INFLUENCES ON COSTUME

  • Royalty, Nobility and Gentry
  • Manufacturers
  • Laws and taxes
  • Welsh nationalism
  • Fashion

Costume styles depend on the age, class, occupation and the good sense and pride of the wearer; tradition and fashion and the cost, availability, comfort and convenience of fabrics.  There were other influences such as the effect Royalty and others had on what was worn, and the status or distinctiveness which the wearer wished to advertise by wearing a special costume.

It seems likely that the Welsh costume survived because women chose to wear their best costume when selling their goods at market. There is no suggestion that religion as such influenced women’s costume in Wales but best Welsh costumes were worn at chapel and church by women during the middle of the 19th century, and some continued to do so up to the end of the century. There is no tradition that any detail of the costume had to change when a woman became a widow (as is the case is some countries), nor is there any evidence that working women in Wales were expected to wear black or lilac for a specified time after the death of a family member. It seems very likely that older women continued to wear their best Welsh costume which they had purchased when young (although there is no evidence that the tailored bedgowns were altered to fit a fuller figure) and lent them to their daughters for special occasions, throughout the 19th century and daughters and granddaughters continued to wear them alongside modern versions into the 20th century.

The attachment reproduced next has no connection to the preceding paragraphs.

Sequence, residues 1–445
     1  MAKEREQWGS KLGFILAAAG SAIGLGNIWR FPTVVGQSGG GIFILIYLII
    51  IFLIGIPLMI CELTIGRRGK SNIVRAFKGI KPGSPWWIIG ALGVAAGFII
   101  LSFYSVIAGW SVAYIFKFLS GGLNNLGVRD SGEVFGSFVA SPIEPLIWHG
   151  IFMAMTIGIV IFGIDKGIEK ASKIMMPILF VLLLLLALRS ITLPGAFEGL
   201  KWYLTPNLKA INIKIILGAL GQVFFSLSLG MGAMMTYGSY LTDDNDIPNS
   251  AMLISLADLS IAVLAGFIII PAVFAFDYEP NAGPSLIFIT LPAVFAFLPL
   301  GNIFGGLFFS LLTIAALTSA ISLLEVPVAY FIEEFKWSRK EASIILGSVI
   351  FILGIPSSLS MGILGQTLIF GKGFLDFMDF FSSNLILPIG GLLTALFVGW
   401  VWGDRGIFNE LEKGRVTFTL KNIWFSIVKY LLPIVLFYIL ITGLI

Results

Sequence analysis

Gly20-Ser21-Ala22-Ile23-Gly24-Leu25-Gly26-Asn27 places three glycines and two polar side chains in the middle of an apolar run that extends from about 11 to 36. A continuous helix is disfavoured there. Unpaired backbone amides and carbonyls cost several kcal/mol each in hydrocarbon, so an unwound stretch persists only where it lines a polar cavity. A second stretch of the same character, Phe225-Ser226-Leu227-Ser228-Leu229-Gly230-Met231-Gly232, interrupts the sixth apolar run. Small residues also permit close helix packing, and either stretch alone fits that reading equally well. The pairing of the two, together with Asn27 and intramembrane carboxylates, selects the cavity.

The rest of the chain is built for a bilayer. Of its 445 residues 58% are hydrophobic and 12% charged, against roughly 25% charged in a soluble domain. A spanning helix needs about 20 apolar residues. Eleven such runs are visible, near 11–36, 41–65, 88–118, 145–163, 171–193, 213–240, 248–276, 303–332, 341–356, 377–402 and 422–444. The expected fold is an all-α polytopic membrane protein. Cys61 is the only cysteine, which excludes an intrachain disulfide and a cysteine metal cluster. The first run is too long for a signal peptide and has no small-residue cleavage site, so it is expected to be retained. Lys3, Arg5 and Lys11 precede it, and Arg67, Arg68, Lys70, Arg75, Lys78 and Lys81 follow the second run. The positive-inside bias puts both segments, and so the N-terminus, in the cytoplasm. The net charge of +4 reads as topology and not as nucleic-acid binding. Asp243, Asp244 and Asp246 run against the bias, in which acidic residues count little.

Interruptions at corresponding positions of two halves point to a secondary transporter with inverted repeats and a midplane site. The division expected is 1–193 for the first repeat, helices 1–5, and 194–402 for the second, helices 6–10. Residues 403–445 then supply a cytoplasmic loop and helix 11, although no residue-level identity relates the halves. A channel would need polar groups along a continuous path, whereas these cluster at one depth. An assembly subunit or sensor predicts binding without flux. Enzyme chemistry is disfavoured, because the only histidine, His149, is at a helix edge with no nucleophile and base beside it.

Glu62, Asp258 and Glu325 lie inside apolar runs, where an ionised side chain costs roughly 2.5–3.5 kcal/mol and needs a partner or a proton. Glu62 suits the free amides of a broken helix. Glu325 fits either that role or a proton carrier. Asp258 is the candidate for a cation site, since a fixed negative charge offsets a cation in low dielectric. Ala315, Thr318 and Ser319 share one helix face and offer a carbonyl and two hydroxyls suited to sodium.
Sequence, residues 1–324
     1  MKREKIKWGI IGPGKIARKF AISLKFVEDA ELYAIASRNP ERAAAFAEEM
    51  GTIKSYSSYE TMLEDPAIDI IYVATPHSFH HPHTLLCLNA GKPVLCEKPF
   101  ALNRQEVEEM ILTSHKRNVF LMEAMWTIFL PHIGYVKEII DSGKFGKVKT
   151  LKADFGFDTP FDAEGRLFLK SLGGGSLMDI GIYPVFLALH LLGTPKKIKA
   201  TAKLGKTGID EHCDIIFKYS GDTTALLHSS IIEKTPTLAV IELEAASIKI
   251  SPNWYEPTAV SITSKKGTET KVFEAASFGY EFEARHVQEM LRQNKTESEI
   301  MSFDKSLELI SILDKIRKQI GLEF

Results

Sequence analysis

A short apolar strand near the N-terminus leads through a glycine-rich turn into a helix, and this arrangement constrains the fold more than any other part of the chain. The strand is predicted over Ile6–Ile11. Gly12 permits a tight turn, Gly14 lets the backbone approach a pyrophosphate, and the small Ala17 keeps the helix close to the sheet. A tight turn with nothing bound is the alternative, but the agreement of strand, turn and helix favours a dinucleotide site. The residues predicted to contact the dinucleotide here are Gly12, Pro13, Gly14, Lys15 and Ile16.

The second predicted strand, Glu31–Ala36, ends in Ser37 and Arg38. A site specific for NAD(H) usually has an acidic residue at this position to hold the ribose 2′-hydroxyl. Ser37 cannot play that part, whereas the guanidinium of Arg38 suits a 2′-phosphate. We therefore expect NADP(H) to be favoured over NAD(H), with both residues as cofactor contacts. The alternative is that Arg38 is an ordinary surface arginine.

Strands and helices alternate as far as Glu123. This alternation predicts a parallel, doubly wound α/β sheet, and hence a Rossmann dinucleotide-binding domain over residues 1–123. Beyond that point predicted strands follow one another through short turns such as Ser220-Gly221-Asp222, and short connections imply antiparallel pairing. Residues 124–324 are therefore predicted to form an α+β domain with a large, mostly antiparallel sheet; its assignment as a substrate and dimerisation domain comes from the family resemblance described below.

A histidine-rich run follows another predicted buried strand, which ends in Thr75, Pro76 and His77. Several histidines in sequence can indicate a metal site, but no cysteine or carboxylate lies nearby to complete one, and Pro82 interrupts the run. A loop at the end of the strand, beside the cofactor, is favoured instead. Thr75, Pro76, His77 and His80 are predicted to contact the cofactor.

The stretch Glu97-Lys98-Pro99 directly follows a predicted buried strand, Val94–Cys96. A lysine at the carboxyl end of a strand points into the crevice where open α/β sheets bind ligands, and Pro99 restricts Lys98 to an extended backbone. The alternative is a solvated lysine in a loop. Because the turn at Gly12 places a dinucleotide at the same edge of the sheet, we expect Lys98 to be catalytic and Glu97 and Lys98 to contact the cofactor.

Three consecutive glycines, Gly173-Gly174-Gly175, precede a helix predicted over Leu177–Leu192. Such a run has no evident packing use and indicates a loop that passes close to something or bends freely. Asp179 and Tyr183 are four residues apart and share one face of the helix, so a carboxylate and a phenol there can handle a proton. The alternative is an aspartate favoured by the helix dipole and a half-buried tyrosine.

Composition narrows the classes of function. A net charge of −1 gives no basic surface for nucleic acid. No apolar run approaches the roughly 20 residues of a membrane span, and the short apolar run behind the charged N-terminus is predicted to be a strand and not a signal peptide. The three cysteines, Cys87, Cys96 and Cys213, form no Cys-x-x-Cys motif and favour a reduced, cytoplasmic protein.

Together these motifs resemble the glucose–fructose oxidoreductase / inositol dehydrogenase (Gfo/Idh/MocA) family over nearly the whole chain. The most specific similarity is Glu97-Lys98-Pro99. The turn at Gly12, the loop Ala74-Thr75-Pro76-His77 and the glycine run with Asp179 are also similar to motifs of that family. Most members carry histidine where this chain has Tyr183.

The influences which worked against the wearing of Welsh costume were fashion and mass-production of new, cheaper fabrics. Welsh costume was originally cheap because it was made at home, but expensive in terms of the time required to produce it in this way. Some maid-servants, especially those who worked away from home would have worn clothes which their employers cast-off and these would have influenced their relatives and friends when they went home. Costume was also influenced by industrialisation (resulting in special work costumes), urbanisation (allowing greater access to fashions and accessories and trimmings) and the gradual end of home produced fabrics.

 

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